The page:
Integrated Mechanobiology Research
Integrated Research Thrusts (IRTs)
IRTs focus our research on how plant and animal cells integrate mechanical cues from their microenvironment into biochemical and genomic pathways that drive cell, tissue, and organ function over multiple length and time scales.
The IRTs represent collaborative efforts of preeminent laboratories and focus on:
- Cell-Matrix Dialogue
- The Nucleus and Mechanical Memory
- Tissue Mechanics in 4D
IRT 1: Cell-Matrix Dialogue
Uncovering and engineering the recursive dialogue between cells and their extracellular environment
Goal: To uncover fundamental mechanisms underlying the recursive dialogue between plant and animal cells and their cell walls or extracellular matrix (ECM). We harness this understanding to engineer the responses of plants and animals to mechanical cues generated by environmental stresses, injury, and fibrosis.
IRT 2: The Nucleus and Mechanical Memory
Designing mechanically responsive memories in DNA
Goal: To develop foundational knowledge to enable the rational design of mechanically responsive chromatin and genetic programs. With this knowledge, new technologies will be developed that can strip unwanted mechanical memories or impart new artificial ones to enable more efficacious and economically feasible cell-based therapies.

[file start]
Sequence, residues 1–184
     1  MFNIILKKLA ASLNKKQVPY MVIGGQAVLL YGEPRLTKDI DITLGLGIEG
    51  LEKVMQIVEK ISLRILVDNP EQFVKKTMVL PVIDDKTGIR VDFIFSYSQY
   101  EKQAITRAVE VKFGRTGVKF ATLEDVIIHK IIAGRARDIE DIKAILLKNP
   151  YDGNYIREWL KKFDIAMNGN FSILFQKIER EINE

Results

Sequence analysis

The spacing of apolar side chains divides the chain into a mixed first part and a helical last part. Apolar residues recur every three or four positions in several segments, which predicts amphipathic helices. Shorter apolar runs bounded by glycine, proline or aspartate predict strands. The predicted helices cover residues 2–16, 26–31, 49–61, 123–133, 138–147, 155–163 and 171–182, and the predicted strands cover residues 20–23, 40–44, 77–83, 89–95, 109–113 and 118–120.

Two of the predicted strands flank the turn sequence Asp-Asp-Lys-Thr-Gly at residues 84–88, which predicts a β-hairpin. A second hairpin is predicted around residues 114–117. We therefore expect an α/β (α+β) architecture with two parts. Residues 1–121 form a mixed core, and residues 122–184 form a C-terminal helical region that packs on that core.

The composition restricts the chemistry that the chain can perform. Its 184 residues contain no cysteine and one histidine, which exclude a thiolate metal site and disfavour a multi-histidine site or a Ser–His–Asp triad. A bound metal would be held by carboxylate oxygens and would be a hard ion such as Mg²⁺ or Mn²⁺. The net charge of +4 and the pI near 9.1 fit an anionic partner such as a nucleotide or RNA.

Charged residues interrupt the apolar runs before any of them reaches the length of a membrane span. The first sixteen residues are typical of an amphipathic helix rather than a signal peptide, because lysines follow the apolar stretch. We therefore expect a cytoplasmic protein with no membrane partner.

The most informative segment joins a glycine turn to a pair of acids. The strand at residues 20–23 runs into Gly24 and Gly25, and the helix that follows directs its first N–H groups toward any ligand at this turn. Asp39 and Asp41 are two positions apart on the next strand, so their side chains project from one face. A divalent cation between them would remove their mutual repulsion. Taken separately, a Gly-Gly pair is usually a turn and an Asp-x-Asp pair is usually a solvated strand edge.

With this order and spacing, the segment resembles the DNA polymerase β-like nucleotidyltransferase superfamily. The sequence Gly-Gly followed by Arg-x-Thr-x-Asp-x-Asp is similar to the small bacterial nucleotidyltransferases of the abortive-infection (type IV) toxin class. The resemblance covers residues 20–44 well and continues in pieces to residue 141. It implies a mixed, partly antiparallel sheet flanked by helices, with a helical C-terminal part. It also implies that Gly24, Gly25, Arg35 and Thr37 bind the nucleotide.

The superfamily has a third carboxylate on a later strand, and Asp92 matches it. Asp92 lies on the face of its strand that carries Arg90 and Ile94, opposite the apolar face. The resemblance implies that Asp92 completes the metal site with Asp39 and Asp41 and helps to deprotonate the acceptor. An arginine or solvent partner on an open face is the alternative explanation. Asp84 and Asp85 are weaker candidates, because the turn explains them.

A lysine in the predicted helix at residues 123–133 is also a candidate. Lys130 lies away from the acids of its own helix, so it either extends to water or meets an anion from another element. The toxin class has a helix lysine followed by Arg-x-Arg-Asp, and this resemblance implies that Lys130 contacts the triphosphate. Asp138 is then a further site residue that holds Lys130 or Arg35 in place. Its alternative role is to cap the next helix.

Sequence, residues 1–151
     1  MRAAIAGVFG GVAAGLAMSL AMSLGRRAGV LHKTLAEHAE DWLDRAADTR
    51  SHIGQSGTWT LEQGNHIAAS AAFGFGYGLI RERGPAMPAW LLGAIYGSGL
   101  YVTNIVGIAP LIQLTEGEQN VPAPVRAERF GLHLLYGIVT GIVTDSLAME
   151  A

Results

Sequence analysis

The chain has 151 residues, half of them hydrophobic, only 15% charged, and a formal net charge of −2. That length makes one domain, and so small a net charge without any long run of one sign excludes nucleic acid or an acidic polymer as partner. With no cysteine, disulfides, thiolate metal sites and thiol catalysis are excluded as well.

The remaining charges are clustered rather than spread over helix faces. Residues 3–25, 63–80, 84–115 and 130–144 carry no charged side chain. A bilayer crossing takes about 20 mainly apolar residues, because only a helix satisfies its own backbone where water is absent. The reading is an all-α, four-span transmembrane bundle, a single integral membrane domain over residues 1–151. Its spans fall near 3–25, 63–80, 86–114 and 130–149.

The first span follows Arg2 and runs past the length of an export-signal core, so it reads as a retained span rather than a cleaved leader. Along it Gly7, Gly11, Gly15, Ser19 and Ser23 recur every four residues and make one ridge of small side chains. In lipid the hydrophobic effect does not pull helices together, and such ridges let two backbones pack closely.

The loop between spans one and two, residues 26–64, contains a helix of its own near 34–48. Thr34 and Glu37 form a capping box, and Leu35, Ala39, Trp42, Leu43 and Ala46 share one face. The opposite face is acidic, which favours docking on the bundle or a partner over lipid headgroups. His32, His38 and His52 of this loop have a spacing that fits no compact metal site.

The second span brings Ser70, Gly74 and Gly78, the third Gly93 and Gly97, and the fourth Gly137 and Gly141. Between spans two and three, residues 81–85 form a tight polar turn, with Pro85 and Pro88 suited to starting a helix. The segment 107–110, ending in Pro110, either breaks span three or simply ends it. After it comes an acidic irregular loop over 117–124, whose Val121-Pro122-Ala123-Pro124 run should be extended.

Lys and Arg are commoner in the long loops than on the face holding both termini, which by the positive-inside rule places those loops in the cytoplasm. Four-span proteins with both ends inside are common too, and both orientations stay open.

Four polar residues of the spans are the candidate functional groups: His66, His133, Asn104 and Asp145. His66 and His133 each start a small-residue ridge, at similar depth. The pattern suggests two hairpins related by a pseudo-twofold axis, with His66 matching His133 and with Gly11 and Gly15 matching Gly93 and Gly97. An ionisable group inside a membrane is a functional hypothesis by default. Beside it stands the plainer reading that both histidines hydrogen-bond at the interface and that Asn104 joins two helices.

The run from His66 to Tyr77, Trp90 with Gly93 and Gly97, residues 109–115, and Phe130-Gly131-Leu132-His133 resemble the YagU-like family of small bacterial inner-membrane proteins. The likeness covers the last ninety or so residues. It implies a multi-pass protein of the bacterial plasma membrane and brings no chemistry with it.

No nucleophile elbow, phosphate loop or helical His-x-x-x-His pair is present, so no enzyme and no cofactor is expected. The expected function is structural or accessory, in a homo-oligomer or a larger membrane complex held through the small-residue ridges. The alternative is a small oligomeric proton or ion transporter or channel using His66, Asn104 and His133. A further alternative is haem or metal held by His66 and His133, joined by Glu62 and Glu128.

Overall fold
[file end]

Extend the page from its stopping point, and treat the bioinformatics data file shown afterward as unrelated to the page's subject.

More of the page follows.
IRT 3: Tissue Mechanics in 4D
Pioneering the assembly of plant and animal cells into tissue-like structures and new technologies
Goal: To pioneer methods to assemble plant and animals cells into tissue-like structures and to use these platforms to gain insights into the mechanobiology of these tissues and the cells within them. These new technologies will include new synthetic materials that mimic specific extracellular matrices, fabrication and microfluidic approaches to generate biomimetic cultures that capture the structural complexity of native tissues, and new theoretical and computational approaches to model complex structures.